NINOTCHKA (1939) 

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Greta Garbo
Melvyn Douglas
Ina Claire
Bela Lugosi
Sig Ruman
Felix Bressart
Alexander Granach

Ernst Lubitsch



About Garbo

Time: 110 mins.
Rating: Not Rated
Genre: Romance/Drama

Academy Award nominations for Best Actress, Best Screenplay and Best Picture.

Though I love watching old movies, there are many super stars who's work is unknown to me. Garbo is one of them. I'm fairly familiar with her legend, but up until I saw NINOTCHKA, I had never seen any of her films. Apparently she was a fairly serious person and from what I know, most of her performances followed suit. This was her first comedy, which was a very big deal and used throughout the marketing campaign, as you can see on the poster image. Garbo laughing was clearly something unseen by movie audiences of that time. Now, don't get all excited. This may be a comedy by Garbo standards, but the Marx Brothers it's not. If this is as loose as Garbo gets, I'm somewhat scared to see her dramas.

More a romance than anything else, NINOTCHKA does have it's lighter moments, especially the scene where Garbo ties one on, however, it's not as fun as I expected. She begins the film as a dour Russian envoy and ends it slightly more effervescent, but still along that same unhappy line. I guess it would be a surprise to people to see her laugh, since that's the only time her face shows any emotion. I have to say she's not at all what I thought she would be. The film opens with three Russian men – Iranoff, Buljanoff and Kopalski – arriving in Paris to sell some jewelry for the good of their nation. The money gained from the sale will keep their comrades from starving the next year. Of course, it doesn't take long for the lavishness of Paris to make an impression.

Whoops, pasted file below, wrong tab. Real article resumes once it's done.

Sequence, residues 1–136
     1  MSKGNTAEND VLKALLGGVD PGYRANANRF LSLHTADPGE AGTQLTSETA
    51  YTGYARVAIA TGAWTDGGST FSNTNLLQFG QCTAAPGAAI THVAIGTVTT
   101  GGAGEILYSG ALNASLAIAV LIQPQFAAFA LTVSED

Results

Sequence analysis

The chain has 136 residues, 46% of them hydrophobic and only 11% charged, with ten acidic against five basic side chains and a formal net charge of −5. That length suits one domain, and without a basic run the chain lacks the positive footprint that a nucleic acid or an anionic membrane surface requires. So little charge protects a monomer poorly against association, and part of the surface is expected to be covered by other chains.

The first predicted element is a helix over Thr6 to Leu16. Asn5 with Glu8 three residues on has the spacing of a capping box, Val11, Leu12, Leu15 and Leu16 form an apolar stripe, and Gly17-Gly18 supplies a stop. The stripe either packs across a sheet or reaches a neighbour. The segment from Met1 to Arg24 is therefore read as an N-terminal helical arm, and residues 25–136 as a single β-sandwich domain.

All seems to be going well until the Grand Duchess Swana (Claire), the owner of the jewels and an escapee from the Revolution, discovers their intent to sell her old baubles. She threatens to take them to court, forcing the gentlemen into a stalemate. Enter the envoy extraordinaire – Ninotchka. Sent to clean up their mess, she decides to settle the matter her way by researching the law. She is disgusted by the lavish suite her comrades have booked for her, a room that will cost the Russian people money they can ill afford. If only they had paid attention to their work instead of their surroundings she would not have been sent here. She puts them to work and then sets out to see the Eiffel Tower, to revel in its technical genius. On the street, she meets up with Count Leon d'Algout (Douglas), a real charmer and the Grand Duchess's lover, who unabashedly flirts with her. He's never met someone so direct and humorless before.

Ninotchka: "What have you done for mankind?"
Leon: "Not so much for mankind... for womankind, my record isn't quite so bleak."

Despite her protests, he follows her to the Tower where they continue their conversation about the frivolousness of Paris and its' inhabitants. She is intrigued by Leon and agrees to accompany him back to his apartment, if only to continue her research about capitalist people and how they live. Once there, they fall under each other's spell. Her stately beauty, dry humor, inner strength and devotion to her country captivates Leon, inducing him to steal a kiss to try to awaken her hidden passion. Ninotchka feels the connection as well, silencing him with a kiss of her own. A phone call brings their burgeoning love to a quick halt as they each discover the true identity of the other. Leon, as the envoy of the Duchess, is her enemy and despite what passed between them, she is loyal only to her country. They must never meet again. Of course, Leon refuses to go quietly, following her around, attempting to break down her icy facade and convince her to continue their affair. His charm proves too much for her and she soon opens herself up to the joy of Paris and its style. Armed with new clothes and a silly hat she initially disproved of, Ninotchka revels in her newfound love. She still plans to settle the lawsuit, but she lets her hair down, enjoying dressing up, dancing and drinking champagne.